Mike Ferner, interim director of Veterans for Peace, speaks at AFSC's Windows and Mirrors opening reception in Kansas City. Ferner said the images from the Afghanistan War reminded him of buses and planes carrying wounded soldiers home from the war in Vietnam. For a slideshow from the reception, please click here.Photo: AFSC / Jon Krieg
By Jon Krieg, AFSC Senior Administrative Associate
Talk with people at a recent reception marking the opening of AFSC’s Windows and Mirrors Exhibit in Kansas City and you hear reactions like powerful and intense, painful and hopeful.
Listen a little more, and you realize that everyone views the Afghanistan war images somewhat differently.
One young person told me she’s unemployed and came to the exhibit, held at the Central Kansas City Public Library, because she’s eager to keep learning. “Coming from a quasi-military family, you always hear the good stuff about war,” she said. “Coming to this exhibit is a good way to expand my experiences and get a different perspective.”
Although she’s hesitant to condemn the Afghanistan War because her cousin is serving in it, she said Windows and Mirrors gave her a different perspective. “It’s something for me to go home and do some more research on and draw some more conclusions.”
Another person, who identified himself as a homeless artist, spoke eloquently about the beautiful and tragic elements of the murals. “The colors of some of the murals grab you,” he said. “You can feel their texture and lighting.” He said the exhibit confirmed his critical thoughts about the war. “The things that fuel this war haven’t changed since the beginning of time. It’s one of those tragedies we have to live with.”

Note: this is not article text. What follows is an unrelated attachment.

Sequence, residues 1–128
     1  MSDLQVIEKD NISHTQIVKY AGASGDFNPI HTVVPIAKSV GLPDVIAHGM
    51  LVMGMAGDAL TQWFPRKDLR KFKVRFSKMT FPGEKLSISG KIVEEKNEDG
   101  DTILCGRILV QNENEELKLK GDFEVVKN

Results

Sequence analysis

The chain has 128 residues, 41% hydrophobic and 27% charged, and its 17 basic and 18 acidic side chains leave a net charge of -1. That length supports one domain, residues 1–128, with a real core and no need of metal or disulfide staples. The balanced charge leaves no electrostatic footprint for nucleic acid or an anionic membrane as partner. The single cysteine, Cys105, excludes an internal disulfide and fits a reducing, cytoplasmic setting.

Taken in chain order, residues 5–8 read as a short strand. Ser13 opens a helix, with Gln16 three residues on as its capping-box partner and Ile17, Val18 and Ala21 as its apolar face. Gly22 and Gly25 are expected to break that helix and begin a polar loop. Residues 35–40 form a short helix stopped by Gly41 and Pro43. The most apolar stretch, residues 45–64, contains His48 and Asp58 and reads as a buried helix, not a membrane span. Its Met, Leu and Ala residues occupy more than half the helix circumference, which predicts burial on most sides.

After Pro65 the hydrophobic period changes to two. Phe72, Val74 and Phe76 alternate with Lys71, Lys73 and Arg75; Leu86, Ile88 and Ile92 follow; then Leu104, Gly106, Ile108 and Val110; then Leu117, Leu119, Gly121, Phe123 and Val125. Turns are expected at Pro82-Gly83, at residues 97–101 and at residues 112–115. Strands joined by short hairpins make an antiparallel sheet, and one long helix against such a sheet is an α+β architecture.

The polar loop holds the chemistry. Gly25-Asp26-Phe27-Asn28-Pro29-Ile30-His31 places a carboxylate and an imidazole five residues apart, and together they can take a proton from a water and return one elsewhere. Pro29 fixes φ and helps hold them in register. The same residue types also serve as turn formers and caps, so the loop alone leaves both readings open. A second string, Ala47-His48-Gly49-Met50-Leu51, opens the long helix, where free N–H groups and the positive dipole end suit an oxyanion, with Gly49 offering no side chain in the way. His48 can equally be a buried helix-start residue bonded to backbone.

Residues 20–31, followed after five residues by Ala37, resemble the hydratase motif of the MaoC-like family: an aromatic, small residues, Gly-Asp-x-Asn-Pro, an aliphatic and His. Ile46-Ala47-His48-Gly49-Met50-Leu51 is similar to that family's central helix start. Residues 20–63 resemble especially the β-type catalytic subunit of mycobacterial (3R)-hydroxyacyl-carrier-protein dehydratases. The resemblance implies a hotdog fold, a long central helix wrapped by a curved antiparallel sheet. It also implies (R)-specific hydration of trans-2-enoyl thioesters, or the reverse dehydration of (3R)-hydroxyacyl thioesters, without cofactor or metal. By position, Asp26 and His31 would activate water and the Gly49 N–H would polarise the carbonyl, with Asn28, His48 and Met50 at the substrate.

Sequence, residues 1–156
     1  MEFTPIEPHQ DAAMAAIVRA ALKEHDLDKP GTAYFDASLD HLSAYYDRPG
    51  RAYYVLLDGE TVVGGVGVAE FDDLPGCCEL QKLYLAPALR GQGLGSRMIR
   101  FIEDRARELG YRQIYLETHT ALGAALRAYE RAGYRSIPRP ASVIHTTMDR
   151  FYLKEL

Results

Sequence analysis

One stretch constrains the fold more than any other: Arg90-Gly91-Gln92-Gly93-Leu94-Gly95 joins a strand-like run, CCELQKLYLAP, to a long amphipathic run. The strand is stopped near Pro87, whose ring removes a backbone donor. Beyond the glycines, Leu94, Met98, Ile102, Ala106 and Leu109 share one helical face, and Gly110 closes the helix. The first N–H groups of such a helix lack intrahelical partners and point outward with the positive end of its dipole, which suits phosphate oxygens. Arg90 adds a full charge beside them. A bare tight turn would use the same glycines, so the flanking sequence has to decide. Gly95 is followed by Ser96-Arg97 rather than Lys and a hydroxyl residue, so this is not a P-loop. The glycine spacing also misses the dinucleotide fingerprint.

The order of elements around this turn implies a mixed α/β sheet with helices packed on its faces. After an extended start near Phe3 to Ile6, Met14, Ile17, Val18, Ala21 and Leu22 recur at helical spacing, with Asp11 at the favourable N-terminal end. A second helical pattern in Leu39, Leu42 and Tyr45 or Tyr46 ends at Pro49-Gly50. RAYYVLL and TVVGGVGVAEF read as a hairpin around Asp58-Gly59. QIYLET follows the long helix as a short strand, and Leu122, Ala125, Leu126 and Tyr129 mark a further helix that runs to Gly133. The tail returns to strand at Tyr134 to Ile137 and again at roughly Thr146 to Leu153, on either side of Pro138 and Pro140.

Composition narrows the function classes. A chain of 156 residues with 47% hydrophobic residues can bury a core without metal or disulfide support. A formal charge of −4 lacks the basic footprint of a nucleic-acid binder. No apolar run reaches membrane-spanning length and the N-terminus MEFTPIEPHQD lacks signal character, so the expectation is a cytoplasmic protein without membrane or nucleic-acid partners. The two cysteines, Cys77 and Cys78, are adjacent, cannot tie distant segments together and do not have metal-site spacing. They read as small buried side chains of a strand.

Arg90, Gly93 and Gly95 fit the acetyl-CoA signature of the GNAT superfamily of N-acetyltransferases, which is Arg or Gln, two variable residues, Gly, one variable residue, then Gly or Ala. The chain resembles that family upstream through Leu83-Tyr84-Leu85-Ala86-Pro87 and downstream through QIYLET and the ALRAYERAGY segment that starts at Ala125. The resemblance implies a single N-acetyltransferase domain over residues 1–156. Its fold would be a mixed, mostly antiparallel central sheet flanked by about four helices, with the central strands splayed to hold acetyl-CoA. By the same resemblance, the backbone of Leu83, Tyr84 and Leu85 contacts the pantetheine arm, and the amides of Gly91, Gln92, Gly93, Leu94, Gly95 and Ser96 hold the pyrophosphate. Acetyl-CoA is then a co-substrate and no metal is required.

To Mike Murphy, an AFSC volunteer and committee member, Windows and Mirrors shows that, “Horror, humanity and courage can’t be conveyed in three-word bumper stickers.” He said he was especially moved by a mural depicting the deaths of those Afghans guilty of the “crime” of going to a wedding.
For Ira Harritt, AFSC Kansas City Program Coordinator, the ultimate goal of the exhibit is to make the war visible and to move people to action to end the war. “We’re always challenged when governments resort to war,” he said. “We need to find another way. I firmly believe we can – it’s within us – but we need to demand it of our country.”
New murals created by Kansas City youth along with youth work in the traveling exhibit will open at another library next week. More speakers, including Peter Lems, Kathy Kelly and Suraya Sadeed, will augment the exhibit during its Kansas City stay.